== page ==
13 June, 2022

In May our Head of Science, Margaret Wexler, spoke at a parliamentary event on pesticides. Organised by The Pesticide Collaboration and RSPB, and hosted by Luke Pollard, MP for Plymouth, Sutton and Devonport.

The purpose of the meeting was to highlight the effects of pesticides on health and the environment. Margaret spoke about the harmful effects of certain pesticides on human health, focusing on breast cancer. The event was held to mark World Bee Day and the 60th anniversary of the publication of Silent Spring by Rachel Carson, which highlighted the damage that the widespread use of pesticides was doing to the natural world.  

Why pesticides?

Pesticides have allowed us to increase food production. But, this has come at a cost to human health and the environment. The meeting heard about the impact of pesticides such as neonicotinoids on honeybee populations and – on a more positive note – how nature-friendly farming can be productive and sustainable and reduce reliance on pesticides.

MPs were encouraged to support farmers in reducing pesticide use through land management and were urged to commit to setting pesticide reduction targets. And, stop emergency approvals for banned pesticides such as neonicotinoids and strengthen pesticide regulation. This includes restricting pesticides that are endocrine disrupting chemicals (EDCs) and ensuring pesticide authorisations are based on the precautionary principle. 

Speakers included Stephanie Morren, Senior Policy Officer at the RSPB and the Pesticide Collaboration, Professor Dave Goulson, founder of the Bumblebee Conservation Trust, Dr Margaret Wexler, Head of Science at Breast Cancer UK and Martin Lines, arable farmer and UK Chair of the Nature-Friendly Farming Network.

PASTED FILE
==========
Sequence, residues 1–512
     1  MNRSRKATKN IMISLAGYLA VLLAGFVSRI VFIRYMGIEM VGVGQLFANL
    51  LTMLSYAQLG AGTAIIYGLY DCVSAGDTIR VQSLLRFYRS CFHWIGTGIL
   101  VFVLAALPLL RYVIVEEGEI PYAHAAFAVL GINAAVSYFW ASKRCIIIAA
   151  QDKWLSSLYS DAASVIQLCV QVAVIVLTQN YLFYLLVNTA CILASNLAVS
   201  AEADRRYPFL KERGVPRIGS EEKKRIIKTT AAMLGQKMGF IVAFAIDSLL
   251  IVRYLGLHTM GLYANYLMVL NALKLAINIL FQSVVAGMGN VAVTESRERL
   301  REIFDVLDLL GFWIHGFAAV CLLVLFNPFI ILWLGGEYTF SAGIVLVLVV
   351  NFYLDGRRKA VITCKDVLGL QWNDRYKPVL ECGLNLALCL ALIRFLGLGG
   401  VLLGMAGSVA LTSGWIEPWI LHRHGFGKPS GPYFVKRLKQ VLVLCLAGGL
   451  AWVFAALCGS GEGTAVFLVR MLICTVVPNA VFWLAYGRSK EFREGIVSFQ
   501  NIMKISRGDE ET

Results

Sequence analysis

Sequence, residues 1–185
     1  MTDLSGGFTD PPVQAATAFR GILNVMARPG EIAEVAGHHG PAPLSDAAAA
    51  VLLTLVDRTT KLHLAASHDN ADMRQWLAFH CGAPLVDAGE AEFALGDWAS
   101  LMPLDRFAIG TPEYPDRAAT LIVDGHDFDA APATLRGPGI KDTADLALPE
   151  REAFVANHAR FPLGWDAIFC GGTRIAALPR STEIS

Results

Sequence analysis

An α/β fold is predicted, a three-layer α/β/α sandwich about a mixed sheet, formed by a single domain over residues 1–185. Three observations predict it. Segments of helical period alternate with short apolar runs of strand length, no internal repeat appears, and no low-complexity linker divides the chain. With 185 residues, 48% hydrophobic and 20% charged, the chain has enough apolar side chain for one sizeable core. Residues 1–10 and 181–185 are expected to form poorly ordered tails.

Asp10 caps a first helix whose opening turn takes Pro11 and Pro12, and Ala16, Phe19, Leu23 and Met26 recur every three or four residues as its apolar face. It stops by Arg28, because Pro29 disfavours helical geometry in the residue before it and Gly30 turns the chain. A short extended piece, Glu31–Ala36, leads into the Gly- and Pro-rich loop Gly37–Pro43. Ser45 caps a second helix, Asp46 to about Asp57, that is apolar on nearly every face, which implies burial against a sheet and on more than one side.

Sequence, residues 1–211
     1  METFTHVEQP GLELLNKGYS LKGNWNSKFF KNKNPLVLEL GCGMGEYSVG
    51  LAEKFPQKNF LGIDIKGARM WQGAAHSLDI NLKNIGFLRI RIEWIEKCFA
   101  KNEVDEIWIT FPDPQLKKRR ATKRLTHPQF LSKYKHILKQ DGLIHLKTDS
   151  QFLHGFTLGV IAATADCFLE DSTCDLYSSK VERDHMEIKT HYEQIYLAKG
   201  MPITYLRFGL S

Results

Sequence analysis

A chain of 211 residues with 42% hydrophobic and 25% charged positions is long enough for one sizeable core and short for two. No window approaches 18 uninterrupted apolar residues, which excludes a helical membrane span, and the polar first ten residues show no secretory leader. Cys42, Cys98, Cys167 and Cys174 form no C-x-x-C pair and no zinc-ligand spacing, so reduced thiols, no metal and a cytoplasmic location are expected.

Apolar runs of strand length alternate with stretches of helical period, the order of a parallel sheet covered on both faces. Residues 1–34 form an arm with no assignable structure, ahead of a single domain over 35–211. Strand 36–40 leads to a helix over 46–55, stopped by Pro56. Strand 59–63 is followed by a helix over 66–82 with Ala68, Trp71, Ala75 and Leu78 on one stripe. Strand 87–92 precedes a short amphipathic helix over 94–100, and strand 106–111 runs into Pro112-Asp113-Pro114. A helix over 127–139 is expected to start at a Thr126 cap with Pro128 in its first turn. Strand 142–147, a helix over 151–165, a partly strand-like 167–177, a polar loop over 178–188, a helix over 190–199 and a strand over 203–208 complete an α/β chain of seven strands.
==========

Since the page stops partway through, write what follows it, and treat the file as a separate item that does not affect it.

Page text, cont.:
What can you do?

Chemical pesticides against weeds, plant diseases and pests are banned in all organic food production in the UK (see here). While organic food contains less pesticide residue than conventionally farmed foods, it is unclear whether eating organic food reduces breast cancer risk. This is because there haven’t been enough studies in this area. However, given the likelihood that long-term pesticide exposure may increase breast cancer risk, we recommend eating organic food or food produced with little or no pesticide, where possible. To identify fruit and vegetables grown organically, look for organic logos.

We recommend reading our specially designed factsheet here. We explain pesticides, the benefits of organic food and the breast cancer risk in relation to pesticides.

Are you passionate about removing harmful chemicals such as pesticides from our food and the environment including everyday products? Sign our pledge here to help get EDCs banned.

Without your support, our work would not be possible.  Donate today to help fund vital animal-free research on the causes of breast cancer.  Together we can prevent breast cancer.



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